Educator now more equipped to teach dyslexic kids

Ms Aisha Shaik was among 59 newly minted special needs educators to graduate from the Dyslexia Association of Singapore Academy yesterday. She is this year’s valedictorian for her course.
Ms Aisha Shaik was among 59 newly minted special needs educators to graduate from the Dyslexia Association of Singapore Academy yesterday. She is this year’s valedictorian for her course. ST PHOTO: ALPHONSUS CHERN

In the five years she worked as a freelance drama educator, Ms Aisha Shaik often came across students with learning difficulties who would struggle to read or participate in her class.

Her teaching experience piqued her interest in educating students outside mainstream schools, and prompted her to take up a specialist diploma in educational therapy last year.

Ms Aisha, 27, was one of 59 newly minted special needs educators to graduate from the Dyslexia Association of Singapore (DAS) Academy yesterday.

The ceremony for this batch of students - the seventh to graduate from the academy - was held online for the first time. The school, which is marking its 10th year, has trained more than 500 graduates in master's and diploma programmes in the past decade.

Ms Aisha, who is this year's valedictorian for her course, said the 10-month programme taught her how to follow a structured method of teaching.

She also learnt how to include a focus on phonics in her teaching, and strategies such as regularly reviewing what has been taught and conducting listening or reading comprehensions at the end of class.

She said: "One of the more memorable moments in the classroom was when I was trying to teach a student how to say the word "gorilla", but she said "Godzilla" instead.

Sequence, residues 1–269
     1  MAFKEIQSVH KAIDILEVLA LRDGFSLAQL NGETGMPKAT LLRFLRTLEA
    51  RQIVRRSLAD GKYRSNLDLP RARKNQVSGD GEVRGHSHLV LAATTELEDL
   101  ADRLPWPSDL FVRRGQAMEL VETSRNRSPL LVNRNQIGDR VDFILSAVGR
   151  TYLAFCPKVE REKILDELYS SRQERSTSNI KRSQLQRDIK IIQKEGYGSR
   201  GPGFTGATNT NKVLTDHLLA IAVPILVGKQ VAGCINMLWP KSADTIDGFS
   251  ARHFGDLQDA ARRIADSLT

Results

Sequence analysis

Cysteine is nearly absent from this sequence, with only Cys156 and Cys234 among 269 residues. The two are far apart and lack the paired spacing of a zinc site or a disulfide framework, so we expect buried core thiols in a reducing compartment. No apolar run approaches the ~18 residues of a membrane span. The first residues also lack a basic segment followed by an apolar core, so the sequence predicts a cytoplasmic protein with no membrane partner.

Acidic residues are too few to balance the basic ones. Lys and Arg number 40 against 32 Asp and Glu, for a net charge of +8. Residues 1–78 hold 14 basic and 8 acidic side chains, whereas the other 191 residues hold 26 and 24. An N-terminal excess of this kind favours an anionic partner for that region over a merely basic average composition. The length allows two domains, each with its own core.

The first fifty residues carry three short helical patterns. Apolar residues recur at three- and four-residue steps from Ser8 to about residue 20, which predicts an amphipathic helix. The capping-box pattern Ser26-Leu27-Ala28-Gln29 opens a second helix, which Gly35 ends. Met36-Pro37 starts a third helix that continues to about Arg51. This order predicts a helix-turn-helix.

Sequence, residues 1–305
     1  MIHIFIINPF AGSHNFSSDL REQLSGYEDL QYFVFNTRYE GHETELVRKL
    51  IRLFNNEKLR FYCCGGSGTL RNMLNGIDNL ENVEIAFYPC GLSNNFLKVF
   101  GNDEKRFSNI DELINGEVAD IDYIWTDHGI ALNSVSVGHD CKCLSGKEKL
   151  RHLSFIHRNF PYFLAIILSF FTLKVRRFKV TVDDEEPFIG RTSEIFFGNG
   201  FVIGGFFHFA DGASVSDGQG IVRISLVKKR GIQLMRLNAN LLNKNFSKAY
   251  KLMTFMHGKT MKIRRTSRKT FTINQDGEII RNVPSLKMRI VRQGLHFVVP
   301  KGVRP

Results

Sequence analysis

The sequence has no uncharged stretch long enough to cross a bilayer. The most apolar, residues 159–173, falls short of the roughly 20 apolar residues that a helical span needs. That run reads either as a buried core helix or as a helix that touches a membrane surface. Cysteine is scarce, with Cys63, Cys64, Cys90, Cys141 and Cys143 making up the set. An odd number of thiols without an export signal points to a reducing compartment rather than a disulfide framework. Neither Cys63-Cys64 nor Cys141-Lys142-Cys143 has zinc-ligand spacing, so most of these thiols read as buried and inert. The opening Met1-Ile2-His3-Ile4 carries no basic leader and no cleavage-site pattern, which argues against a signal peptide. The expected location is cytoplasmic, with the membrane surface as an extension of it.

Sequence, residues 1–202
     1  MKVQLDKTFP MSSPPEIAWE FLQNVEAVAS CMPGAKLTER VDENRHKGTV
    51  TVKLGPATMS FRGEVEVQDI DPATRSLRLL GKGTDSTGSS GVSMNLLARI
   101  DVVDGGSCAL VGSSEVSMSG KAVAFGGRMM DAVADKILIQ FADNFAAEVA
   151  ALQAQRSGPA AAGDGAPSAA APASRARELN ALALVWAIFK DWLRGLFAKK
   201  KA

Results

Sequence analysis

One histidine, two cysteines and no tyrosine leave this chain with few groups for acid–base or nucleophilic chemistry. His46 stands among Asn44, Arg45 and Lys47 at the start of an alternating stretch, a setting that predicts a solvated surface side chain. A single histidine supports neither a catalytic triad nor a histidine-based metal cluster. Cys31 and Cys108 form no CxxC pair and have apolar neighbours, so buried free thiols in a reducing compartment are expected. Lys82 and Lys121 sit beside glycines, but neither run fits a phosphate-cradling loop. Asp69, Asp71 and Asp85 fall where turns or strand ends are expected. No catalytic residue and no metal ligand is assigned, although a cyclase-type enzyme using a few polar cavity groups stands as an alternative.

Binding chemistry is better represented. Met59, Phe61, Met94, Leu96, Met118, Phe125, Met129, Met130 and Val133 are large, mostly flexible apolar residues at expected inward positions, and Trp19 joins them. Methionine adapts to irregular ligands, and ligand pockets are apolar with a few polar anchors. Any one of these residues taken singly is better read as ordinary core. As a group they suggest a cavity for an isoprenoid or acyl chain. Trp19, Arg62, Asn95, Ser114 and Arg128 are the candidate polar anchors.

"We have our silly moments but I am glad to see students building their confidence. And I always reassure them that their learning difference is something they are learning to cope with, and that it's okay."

The DAS Academy is the training arm of social service agency DAS, which provides services and support for people with dyslexia and other specific learning difficulties in Singapore and around the world.

 
 
 

Some graduates from the academy join DAS as educational therapists, while others return to their own educational institutions after completing their course.

DAS yesterday said about 23,000 students from pre-school to secondary school in Singapore have dyslexia that is severe enough to warrant intervention.

About half of these children may also experience learning issues such as attention deficit hyperactivity disorder, specific language impairment, dyscalculia and dyspraxia.

Dyscalculia refers to difficulties in learning mathematics, such as counting and understanding the relationship between numbers.

Dyspraxia affects a person's physical coordination, which can affect a student's performance in school, for example, the ability to produce written work.

A version of this article appeared in the print edition of The Straits Times on September 17, 2020, with the headline 'Educator now more equipped to teach dyslexic kids'. Subscribe